The ponies have been on the Moor since ancient times, and the Moor shapes their size, their characteristic hardness, their independent spirit, and that native intelligence which gets them out of trouble in difficult conditions. Although Exmoors are now being bred throughout the country, the Moor pony is the foundation stock of this unique breed from which outside breeders can replenish their stock.
When driving along roads on Exmoor herds or groups of ponies are frequently to be seen. Not all the ponies on the Moor are pure bred but there are places such as Withypool, Winsford Hill, Warren Farm, Molland, Brendon Common and Haddon Hill; here pure bred Exmoor ponies still find their own living 'in the wild' all the year round. In the Autumn the mares and foals are 'gathered' and driven down to the farms then the pure-bred 'suckers', as the foals are called, are individually examined by the Society's Inspectors. If they are accepted into the breed as typical specimens, they are given an individual number and then branded with that number on the near flank, together with the Society's star and their herd number on the near shoulder. That is how you can be sure that the pony shown to you is a true Exmoor, and how the Society can always tell you his herd, his breeding, and his original owner. Furthermore it is only from the brand marks that ponies can be identified as they have no white markings and vary little in colour and height.
The Exmoor National Park Authority, great supporters of the breed, have established two herds on Exmoor in the interests of conservation and to ensure that the Exmoor Pony remains in its natural environment for the visitor to enjoy. The National Trust and English Heritage also have "free living" herds to help to assist in the conservation of flora and reduction of scrub. Exmoors are very much a rare breed with numbers of less than 1000 worldwide. Of these there are only around 300 breeding mares producing some 130 foals annually. 150 of the mares are still "free living" on Exmoor the remainder being in small groups throughout Britain. Exmoors are "Endangered" on the Rare Breeds Survival Trust list and of major concern, in addition to the low numbers, are the few bloodlines remaining and therefore little genetic diversity. Exmoor Ponies need support, emphasis must be on increasing and preserving the ponies natural environment and producing a breeding programme to ensure a sound genetic base for the future of the breed.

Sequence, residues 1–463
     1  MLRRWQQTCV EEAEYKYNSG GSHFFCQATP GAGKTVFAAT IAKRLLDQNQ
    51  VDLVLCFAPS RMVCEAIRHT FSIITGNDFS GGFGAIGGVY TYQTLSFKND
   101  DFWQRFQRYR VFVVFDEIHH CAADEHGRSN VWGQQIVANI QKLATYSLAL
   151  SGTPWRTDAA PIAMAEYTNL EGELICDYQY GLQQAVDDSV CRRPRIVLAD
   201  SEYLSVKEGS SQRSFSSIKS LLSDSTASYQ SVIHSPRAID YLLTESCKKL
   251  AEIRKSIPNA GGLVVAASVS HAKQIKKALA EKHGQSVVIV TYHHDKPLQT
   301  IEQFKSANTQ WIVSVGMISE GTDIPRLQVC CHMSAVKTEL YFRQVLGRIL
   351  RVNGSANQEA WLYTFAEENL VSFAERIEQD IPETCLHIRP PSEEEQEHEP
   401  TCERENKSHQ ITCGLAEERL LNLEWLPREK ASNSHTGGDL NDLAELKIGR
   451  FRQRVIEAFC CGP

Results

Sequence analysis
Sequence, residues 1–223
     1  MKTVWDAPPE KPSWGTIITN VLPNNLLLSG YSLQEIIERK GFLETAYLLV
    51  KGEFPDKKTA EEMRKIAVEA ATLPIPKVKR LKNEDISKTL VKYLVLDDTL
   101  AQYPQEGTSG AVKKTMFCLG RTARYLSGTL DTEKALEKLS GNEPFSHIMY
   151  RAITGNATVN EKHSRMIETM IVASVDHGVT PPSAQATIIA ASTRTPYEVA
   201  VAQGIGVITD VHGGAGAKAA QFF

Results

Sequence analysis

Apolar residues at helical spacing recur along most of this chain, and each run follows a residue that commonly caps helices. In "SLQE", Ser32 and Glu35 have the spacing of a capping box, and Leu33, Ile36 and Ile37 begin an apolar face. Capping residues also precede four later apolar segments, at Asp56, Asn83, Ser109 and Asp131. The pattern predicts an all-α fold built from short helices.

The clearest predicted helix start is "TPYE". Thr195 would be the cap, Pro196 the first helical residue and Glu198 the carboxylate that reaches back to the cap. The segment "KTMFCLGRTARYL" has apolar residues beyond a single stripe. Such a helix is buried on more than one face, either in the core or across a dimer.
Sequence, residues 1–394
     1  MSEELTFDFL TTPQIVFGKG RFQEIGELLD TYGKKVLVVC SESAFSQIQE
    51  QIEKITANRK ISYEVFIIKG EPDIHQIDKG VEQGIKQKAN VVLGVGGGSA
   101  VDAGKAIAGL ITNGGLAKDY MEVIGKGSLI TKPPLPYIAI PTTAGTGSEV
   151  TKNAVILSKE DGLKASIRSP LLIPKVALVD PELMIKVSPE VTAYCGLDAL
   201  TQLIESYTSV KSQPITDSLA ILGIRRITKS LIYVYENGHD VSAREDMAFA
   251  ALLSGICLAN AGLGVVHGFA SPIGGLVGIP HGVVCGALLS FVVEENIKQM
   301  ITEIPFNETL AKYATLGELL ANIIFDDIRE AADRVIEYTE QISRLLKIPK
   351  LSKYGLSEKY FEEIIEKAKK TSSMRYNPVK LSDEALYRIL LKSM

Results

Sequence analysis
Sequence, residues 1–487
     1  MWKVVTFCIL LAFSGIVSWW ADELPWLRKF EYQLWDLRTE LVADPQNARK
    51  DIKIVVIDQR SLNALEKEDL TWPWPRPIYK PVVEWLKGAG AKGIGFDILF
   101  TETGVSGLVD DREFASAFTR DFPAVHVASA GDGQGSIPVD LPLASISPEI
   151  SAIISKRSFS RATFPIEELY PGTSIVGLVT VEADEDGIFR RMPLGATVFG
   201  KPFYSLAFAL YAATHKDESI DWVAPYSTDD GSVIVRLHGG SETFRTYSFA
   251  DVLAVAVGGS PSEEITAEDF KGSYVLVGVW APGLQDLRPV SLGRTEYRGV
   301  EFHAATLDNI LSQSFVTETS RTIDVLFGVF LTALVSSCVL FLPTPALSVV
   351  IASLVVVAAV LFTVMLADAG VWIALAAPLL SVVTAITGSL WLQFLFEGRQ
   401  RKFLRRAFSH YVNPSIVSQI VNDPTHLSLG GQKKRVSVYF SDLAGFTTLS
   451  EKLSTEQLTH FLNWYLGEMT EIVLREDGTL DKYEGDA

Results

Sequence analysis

Despite their increasing popularity "free living" Exmoor ponies are wild in the sense that they have to live on the moor throughout the year, find their own food, care for their young and wander free over huge areas of moorland surviving a bad winter without additional shelter or food, although their owners do keep a watchful eye on them. To maintain breed quality, foals are rigorously inspected prior to registration. Registered ponies are branded with their herd and pony number and the Society's star, from this we can always identify its breeder and pedigree. The "free living" herds remain the essential reservoir of natural characteristics and it is of utmost importance that the moorland herds continue to enable breeders, away from the moor, to return to the foundation stock in future generations. Unlike most other breeds, which have been tailored to human purpose, the Exmoor's characteristics have evolved naturally. The pony is quite literally the "child of the moor", the food, climate and living conditions producing the pony as he is today.
The Royal (Dick) Veterinary College, Edinburgh, maintains a herd of Exmoors for the benefit of students' studies, the mature ponies being broken to provide trekking ponies. Exmoors are also bred on Scoraig, a wild part of North West Scotland, where they are used for postal delivery, taking the children to school and carrying peat in panniers.
The Exmoor Pony also plays a vital role in the conservation of many other rare species. Click here to find out more
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Updated: October 2005.